Why do some TED Talks go viral? It's all about the speaker

April 16, 2021
New research shows a strong link between the language used and the popularity of certain TED Talks. (Unsplash/Melyna Valle)

New research shows a strong link between the language used and the popularity of certain TED Talks. (Unsplash/Melyna Valle)

New research on thousands of TED Talks shows that people who speak with more "I" statements, positive emotion words like "love" and social words like "mate" get higher view counts and are seen as more popular and authentic.

The study, published March 29 in the Journal of the Association for Information Science and Technology, analyzed 1,866 transcripts from nearly 11 years of talks. Researchers discovered that the speaker's language style and status affected the popularity of the video and the ratings from viewers.

TED, short for Technology, Entertainment, and Design, has captivated billions of viewers since 1984. Its talks share "ideas worth spreading" in just 18 minutes or less, and past speakers range from indie musicians to Nobel Prize winners. The videos receive 1.5 million collective views every day, and their popularity is still growing fast. In early 2017, the most-viewed TED Talk, titled "Do schools kill creativity?" had 43 million views. Just four years later, the same video had over 70 million views.

"But the question of what makes some talks more popular than others has received surprisingly little attention," said Kate MacKrill, senior author of the study and a doctoral candidate at the University of Auckland. MacKrill herself is drawn to TED Talks that are educational but also humorous. "I like having a laugh, and if I can do that while also learning something new, then that's perfect," she told The Academic Times.

Previous research looked into the relationship between a talk's popularity and the speaker's gender, age or a variety of other factors. One study found that viewers were more likely to rate TED Talks as fascinating when the word "brain" was included in the title, while another study found that talks focused on STEM had more likes on YouTube than videos about art. This particular study, however, is the first to examine the speaking style of the presenters and how the language of academic versus nonacademic speakers influences the talk's popularity.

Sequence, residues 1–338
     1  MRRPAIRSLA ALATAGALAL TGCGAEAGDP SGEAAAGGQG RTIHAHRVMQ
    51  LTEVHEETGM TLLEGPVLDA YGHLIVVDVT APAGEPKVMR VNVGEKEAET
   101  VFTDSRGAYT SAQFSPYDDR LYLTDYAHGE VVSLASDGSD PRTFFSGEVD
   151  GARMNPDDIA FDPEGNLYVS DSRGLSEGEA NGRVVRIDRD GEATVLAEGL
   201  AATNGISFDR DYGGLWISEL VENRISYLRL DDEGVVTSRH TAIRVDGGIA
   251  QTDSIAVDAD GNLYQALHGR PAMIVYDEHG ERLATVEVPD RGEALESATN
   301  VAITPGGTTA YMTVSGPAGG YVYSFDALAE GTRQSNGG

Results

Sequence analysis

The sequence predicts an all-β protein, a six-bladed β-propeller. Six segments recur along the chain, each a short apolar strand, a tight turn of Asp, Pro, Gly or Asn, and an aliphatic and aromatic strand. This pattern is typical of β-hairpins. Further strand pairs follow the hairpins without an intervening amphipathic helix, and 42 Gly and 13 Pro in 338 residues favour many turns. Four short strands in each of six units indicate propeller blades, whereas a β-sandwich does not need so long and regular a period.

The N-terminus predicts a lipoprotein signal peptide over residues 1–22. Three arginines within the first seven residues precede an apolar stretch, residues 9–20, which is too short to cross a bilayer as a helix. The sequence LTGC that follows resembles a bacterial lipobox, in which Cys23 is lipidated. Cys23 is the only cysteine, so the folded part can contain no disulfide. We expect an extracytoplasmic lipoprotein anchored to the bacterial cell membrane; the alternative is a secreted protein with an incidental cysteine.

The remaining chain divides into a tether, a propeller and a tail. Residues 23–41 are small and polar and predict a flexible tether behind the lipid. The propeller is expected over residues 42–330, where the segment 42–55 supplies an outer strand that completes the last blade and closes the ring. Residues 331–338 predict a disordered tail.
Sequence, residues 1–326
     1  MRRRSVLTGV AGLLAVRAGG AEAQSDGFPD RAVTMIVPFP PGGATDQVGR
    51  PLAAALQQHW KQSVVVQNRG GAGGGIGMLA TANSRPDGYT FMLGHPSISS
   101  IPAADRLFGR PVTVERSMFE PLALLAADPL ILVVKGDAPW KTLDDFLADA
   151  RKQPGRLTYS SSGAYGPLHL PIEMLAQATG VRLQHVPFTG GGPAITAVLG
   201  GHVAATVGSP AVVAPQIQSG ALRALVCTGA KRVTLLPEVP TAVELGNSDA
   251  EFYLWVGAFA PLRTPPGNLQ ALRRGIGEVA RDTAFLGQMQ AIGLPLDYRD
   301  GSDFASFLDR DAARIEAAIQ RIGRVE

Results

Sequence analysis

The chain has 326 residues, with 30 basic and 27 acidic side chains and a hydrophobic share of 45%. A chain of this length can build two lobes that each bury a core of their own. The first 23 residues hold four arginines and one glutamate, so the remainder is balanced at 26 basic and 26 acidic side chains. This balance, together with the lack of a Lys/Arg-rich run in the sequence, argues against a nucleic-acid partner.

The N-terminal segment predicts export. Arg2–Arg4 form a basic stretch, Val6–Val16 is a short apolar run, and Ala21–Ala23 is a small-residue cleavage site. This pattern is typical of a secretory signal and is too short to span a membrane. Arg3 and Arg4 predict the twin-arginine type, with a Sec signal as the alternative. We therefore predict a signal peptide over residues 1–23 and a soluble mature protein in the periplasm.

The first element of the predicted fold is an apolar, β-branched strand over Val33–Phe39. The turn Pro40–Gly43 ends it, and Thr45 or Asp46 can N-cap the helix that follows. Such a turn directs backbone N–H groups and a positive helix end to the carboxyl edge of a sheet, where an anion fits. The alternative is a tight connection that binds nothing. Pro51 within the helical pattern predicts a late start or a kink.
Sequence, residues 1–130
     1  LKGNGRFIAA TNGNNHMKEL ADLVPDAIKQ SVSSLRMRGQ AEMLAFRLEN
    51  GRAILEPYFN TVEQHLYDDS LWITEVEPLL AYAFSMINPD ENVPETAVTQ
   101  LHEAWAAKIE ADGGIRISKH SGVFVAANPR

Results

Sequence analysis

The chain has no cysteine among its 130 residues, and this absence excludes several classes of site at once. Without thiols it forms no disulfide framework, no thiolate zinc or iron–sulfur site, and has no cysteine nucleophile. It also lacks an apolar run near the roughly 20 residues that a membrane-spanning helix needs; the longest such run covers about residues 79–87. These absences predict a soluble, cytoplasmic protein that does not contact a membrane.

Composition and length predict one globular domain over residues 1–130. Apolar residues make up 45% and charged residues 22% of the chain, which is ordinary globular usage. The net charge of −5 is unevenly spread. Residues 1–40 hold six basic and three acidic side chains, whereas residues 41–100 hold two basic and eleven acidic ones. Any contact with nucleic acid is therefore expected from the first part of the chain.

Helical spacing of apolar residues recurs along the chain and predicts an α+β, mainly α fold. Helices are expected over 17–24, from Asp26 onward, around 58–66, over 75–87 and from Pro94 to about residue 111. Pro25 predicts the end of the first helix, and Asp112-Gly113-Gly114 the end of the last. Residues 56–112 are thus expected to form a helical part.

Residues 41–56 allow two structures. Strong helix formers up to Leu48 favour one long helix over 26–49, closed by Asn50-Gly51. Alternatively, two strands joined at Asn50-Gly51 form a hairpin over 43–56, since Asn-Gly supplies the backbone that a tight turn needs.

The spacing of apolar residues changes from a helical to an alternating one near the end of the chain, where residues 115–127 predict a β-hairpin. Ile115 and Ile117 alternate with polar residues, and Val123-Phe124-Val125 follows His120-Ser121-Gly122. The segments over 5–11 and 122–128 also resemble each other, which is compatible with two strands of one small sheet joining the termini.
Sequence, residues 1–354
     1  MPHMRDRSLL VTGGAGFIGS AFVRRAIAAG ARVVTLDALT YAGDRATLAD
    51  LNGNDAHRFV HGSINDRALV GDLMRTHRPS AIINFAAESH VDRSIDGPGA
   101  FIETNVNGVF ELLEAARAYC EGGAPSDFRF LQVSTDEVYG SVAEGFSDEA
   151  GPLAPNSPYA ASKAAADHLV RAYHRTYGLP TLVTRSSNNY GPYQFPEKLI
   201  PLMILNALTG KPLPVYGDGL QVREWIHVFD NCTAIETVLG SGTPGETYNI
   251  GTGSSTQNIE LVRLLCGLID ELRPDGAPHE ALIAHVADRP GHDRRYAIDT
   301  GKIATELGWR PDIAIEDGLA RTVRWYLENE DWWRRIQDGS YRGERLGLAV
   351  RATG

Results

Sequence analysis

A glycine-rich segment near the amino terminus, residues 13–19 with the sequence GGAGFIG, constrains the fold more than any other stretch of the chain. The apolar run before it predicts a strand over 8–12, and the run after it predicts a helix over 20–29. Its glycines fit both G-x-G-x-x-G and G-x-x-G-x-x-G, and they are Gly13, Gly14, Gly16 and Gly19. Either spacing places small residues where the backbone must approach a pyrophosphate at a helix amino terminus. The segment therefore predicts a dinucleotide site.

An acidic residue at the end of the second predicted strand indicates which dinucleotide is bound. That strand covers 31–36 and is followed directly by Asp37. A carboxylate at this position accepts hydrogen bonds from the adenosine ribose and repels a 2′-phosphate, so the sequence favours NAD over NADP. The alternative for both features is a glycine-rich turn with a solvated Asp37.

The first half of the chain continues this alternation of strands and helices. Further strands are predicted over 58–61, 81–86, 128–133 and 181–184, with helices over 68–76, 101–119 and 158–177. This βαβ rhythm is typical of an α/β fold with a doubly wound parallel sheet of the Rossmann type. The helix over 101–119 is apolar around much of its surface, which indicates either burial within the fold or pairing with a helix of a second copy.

TED Talks are ideal for a language study, since over 1,800 TED speakers have been viewed by the public. The researchers note that it is "unusual to have a database that allows the same stimulus, in terms of a talk, to be rated by so many individuals."

MacKrill and her team reviewed talks from 2006 — when the videos were first posted online — until 2017, when TED removed a key feature of online ratings. Until that time, the TED website collected data on viewers' emotions with rating labels such as "fascinating," "funny" and "obnoxious." These labels provided the researchers with a second form of popularity that was not solely based on the number of views.

The researchers categorized each word in the talks using a text program called Linguistic Inquiry and Word Count, which was developed by one of the study's co-authors, James W. Pennebaker. This tool is commonly used in psychology to study language markers, such as the words "I," "we" and "but." MacKrill explained that "all those seemingly invisible connecting words actually tell us the most about someone's personality … the different ways they're used provide insight into how a person thinks and whether they're lying or telling the truth." For example, speakers who use "I" frequently are perceived as more authentic, and their talks are viewed more.